This review by Peter Ray Blood appeared in Trinidad and tobago’s Guardian.
It was a rainy, chilly Friday night but I was kept warm by the sound of music from two of the Caribbean foremost musicians–saxophonist Roy Cape and guitarist Gene Lawrence. Both men have just released new CDs, Cape’s A Calypso and Soca Anthology and Lawrence’s Melemelanj.
A Calypso and Soca Anthology is an 18-track collection of Cape’s life’s work, produced by the prolific Alvin Daniell for Major & minor Productions Ltd. It compiles 50-plus years of music, dating back from 1960. The music of three legendary local bandleaders–Selwyn Wheeler, Clarence Curvan, Ron Berridge–occupy the album’s first five tracks. The selections include Wheeler’s interpretation of The Ugly Duckling, actually a piece composed 100 years ago (in 1914) by Russian Sergei Prokofiev, and the 1963 Inez and Charlie Foxx composition Mocking Bird. These are followed by Curvan orchestra’s arrangement of Moulin Rouge; and, Lillipops and Roses and My Favourite Things by Berridge’s orchestra. Cape played for these three orchestras when just barely out of his teens.
Cape also records his stint with Sparrow’s Troubadours via the 1969 recording of Sa Sa Yea and Bongo, on the Sparrow Troubadours-Hot and Sweet LP.
On nine of the ensuing tracks of the CD Cape displays his wide range of musicianship and diversity by highlighting various artistes he has provided musical accompaniment for, including Black Stalin (Kaiso Gone Dread and Name the Game); Ras Shorty I (Watch Out my Children); Nigel Lewis (War Party); SuperBlue (Barbara); Destra (Tremble It); Blaxx (Carnival Questions and Breathless); and, Kurt Allen (SSS). He also features his collaborations with Stalin, including 2002 ditty Leroy, Roy as well as his own composition Sing Your Song.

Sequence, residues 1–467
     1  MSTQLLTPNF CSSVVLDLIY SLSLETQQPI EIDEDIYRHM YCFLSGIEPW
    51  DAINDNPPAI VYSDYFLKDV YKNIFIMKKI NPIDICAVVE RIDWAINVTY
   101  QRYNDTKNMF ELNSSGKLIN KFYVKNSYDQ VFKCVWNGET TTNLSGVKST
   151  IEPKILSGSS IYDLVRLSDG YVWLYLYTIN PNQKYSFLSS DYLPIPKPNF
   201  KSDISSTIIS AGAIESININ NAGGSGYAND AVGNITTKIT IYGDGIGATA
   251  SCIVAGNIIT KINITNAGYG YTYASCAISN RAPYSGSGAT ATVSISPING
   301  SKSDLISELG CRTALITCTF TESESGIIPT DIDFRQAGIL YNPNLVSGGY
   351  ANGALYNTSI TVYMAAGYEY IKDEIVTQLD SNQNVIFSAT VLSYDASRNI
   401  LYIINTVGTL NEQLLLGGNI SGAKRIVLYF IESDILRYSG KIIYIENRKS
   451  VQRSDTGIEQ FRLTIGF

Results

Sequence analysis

If only for its wide range of material, I found the Cape CD to be very appealing. Mastered by Martin “Mice” Raymond, Cape was assisted in procuring vintage material for the disc by calypso researchers Teddy Pinheiro and Desmond Peters.
Four studios in four Caribbean islands spawned Lawrence’s Melemelanj CD. The St Vincent-born musician recorded the disc at Leeboration and Denyl’s Sound studios (St Lucia); Sanch Electronix (Trinidad); and, Hit Island studio (Barbados). Mixed by Toby Armstrong, Danyl Daniel and Francis “Leebo” De Lima, and mastered by Lawrie Dunster at Curvepusher, in London, all songs were composed by Lawrence.
A patois word, Melemelanj means “a conglomeration, a callaloo” and this album lives up to its title, imbibed with the authentic nuances and rhythms of the Caribbean. Among its exotically titled and Caribbean-infused tracks are Jolanta, Chatoyea, Shining Bush, Dr Macumba, Monkey, Shango and Chunga. Further afield there are Zambezi, Montevideo and Blind Billy Blue.
Work is the title of another track, played in a madan style, the authentic work rhythm of St Lucia, using traditional harmonies in a modern arrangement. Also native to St Lucia is Zambezi which adapted the island’s Coromanthe rhythm.
Chatoyea is actually a three part melody where the first two melodies are composed to be played simultaneously using the Baladi rhythm. This track was influenced by the heroic love stories and myths surrounding the great Carib chief Chatoyea who is recognised as the first national hero of St Vincent & the Grenadines. This item incorporates the use of strings (violin, viola, cello) to create a distinct mood.
Lawrence hopes that the composition Shango will encourage the use of more from the rich and untapped repository of our traditional indigenous rhythms in our modern compositions.
Shining Bush, which has a modern calypso melody, and Blind Billy Blue are two pieces inspired by acclaimed St Lucian playwright Derek Walcott.
These two CDs are an elixir to relax mind, body and soul in all weather so don’t wait for the passage of another tropical wave to go out and purchase copies.
For the original report go to http://www.guardian.co.tt/entertainment/2014-10-23/music-all-weather